Last Modified: Wednesday, May 08, 2013 10:00 PM
Last month’s ruling by the nation’s highest court on a case in which the defendant and the victim’s family waited seven years before he was convicted of murder speaks volumes about the often glacier-like slow movement of justice in Calcasieu Parish.
In a 5-4 decision, the U.S. Supreme Court, denied an appeal on behalf of Jonathan Boyer, who was convicted in 2009 of second-degree murder, armed robbery and use of a firearm. Boyer appealed for a new trial, in part, because of the long wait for his trial. He was originally arrested and charged in 2002 with first-degree murder, making him eligible, if convicted, for a death penalty. But lack of funding for the local Public Defenders Office made it difficult for the office to provide two certified attorneys as required by state law.
Boyer’s charges were ultimately reduced. Convicted, he is now serving a life sentence.
Writing for the majority, Justice Samuel Alito said the long delay in bringing Boyer to trial was not just the fault of the state of Louisiana, adding that the largest share of the blame fell on defense requests for continuances, other defense motions and delays caused by Hurricane Rita.
But Justice Sonia Sotomayor wrote in the minority opinion that, ‘‘The Court’s silence in this case is particularly unfortunate. Conditions of this kind cannot persist without endangering constitutional rights.’’ She added that the case ‘‘appears to be illustrative of larger, systemic problems in Louisiana.’’
That problem is the habitual underfunding of indigent defense in Louisiana, and, in particular, by the state. At one point, each local PDO attorney was saddled with more than 400 cases, twice the maximum caseload that is recommended. And in the last few months, the office has had to lay off attorneys and curtail training because of lack of money.
The Louisiana Public Defender Board requested $42 million to help adequately fund the 42 PDOs around the state in the current state budget. It received $33.3 million.
‘‘This is an essential, constitutionally mandated responsibility of the state that would take less than an additional $10 million to fix,’’ says local attorney Walt Sanchez. ‘‘This is an incredibly small percentage of the state budget, but a massive shortfall within the indigent defense system.’’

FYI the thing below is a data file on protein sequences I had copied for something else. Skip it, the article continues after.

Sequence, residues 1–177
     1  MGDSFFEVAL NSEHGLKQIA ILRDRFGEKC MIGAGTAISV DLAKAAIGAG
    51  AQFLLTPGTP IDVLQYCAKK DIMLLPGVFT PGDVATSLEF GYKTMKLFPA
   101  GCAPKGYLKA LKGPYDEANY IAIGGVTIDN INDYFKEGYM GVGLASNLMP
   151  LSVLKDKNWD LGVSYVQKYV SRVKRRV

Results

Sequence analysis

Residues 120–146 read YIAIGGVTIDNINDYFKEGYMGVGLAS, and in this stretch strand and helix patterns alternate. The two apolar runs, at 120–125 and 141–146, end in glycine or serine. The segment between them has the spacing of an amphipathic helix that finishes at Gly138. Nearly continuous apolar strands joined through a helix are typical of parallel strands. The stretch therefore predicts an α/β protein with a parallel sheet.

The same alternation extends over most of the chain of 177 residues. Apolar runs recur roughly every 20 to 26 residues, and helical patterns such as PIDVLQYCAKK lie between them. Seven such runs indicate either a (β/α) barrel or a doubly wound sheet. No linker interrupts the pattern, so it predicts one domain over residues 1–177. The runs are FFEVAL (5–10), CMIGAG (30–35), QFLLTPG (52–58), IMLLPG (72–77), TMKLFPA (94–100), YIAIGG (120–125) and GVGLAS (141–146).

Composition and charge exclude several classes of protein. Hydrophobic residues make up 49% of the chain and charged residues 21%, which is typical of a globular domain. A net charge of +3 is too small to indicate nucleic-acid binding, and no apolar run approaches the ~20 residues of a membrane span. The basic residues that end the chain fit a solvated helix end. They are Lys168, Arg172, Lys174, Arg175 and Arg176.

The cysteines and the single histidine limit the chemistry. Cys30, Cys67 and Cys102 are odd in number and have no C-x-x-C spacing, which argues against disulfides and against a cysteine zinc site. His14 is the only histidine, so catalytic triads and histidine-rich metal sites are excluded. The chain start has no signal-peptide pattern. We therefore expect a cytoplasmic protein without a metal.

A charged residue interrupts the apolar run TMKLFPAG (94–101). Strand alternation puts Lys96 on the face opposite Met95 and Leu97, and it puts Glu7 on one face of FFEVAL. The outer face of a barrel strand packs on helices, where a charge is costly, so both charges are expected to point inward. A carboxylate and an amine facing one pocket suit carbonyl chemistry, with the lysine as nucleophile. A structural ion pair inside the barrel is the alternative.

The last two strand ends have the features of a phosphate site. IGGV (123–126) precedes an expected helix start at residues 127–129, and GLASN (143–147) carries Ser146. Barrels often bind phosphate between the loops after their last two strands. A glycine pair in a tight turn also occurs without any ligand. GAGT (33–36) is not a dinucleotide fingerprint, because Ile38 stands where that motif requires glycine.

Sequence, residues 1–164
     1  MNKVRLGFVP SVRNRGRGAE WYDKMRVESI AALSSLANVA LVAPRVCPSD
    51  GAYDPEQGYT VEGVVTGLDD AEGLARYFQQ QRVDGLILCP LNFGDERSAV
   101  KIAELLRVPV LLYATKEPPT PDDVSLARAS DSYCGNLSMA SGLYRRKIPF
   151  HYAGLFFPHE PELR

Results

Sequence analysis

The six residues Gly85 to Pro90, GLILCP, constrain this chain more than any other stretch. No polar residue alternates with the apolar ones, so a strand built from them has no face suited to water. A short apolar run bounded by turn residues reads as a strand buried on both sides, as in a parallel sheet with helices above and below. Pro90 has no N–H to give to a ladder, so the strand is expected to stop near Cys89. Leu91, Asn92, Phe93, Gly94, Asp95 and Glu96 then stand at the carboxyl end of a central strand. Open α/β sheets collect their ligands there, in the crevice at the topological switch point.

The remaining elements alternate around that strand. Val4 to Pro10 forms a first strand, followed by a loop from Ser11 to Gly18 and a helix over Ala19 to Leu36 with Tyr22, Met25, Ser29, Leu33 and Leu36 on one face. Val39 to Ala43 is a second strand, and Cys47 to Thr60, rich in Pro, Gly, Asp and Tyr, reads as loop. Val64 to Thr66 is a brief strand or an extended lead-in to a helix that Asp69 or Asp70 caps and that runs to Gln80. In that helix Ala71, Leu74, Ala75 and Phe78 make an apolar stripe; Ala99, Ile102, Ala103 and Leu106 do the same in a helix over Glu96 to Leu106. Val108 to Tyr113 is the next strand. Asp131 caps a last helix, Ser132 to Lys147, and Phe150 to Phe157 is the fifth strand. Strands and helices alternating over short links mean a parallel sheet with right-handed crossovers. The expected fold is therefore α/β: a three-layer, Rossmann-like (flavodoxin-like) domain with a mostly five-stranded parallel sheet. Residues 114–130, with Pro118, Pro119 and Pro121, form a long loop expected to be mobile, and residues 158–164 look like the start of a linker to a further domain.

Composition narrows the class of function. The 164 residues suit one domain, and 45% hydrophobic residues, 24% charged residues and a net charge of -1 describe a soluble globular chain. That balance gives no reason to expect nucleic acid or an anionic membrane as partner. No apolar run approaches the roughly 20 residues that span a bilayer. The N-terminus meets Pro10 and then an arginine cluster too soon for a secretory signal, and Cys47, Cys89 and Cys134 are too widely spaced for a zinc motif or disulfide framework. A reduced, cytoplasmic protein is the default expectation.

Sadly, there are few advocates for people who are accused of a crime and cannot afford an attorney. This lack of funding from the state speaks to a larger problem — a presumption of guilt rather than a presumption of innocence for the accused and a disregard for the Sixth Amendment to the U.S. Constitution, which, in part, guarantees the accused the right to a speedy trial and counsel for a defense.
Local PDOs are also funded by court costs and traffic ticket fines, but those are often inconsistent and unreliable.
The pressure is coming from all sides. Sanchez notes that where once a public defender’s caseload consisted of two-thirds misdemeanors and one-third felonies, that ratio has now been reversed. He adds that felony cases normally require many more hours of preparation for counsel.
There have been marginal gains in the backlog of cases assigned to the local PDO in recent months, thanks primarily to members of the Southwest Louisiana Bar Association taking on pro bono cases. But it’s akin to shoveling a mound of dirt with a teaspoon.
The Boyer case offers another opportunity for all parties that have a vested interest in the 14th Judicial District Court — the local PDO, the Calcasieu Parish District Attorney’s Office, members of the local bench, law enforcement and the Southwest Louisiana Bar Association — to put aside their normal adversarial positions, come to the table and develop well thought-out and long-term solutions to providing timely and effective counsel to the accused who cannot afford an attorney.
The local bar should take the lead in calling and mediating such meetings. And woe be unto to any party that refuses to participate or doesn’t provide good-faith solutions, because they will surely inhabit the losing side in the court of public opinion.
This editorial was written by a member of the American Press Editorial Board. Its content reflects the collaborative opinion of the Board, whose members include Bobby Dower, Jim Beam, Crystal Stevenson and Donna Price.
Posted By: Bill malley On: 5/10/2013
Title: Louisiana ( a different country)
Please re-read Walt Sanchez's comment! Less ten million additional dollars needed to help those individuals that are innocent & cannot afford an attorney. The Louisiana laws are unconstitutional ! A travesty to the whole judicial system! Something has to be done about how these people are railroading inmates by keeping them in the jails for lengthy periods of times due lack of PDO' s available & the inexperience of most. I was in the courtroom a few days ago & was astounded how the PDO's did not even know what their "clients" we're charged for! Granted, their are many guilty individuals in the prison system, however there are also those that are innocent ! Heads up to Walt Sanchez for bringing this problem to everyone attention!
Posted By: Daniel Kramer On: 5/9/2013
Title: Equal Funding
We ought to amend the Louisiana Constitution of 1974 to require equal funding for District Attorneys and PDOs. Citizens, innocent until proven guilty, would be justified in demanding this.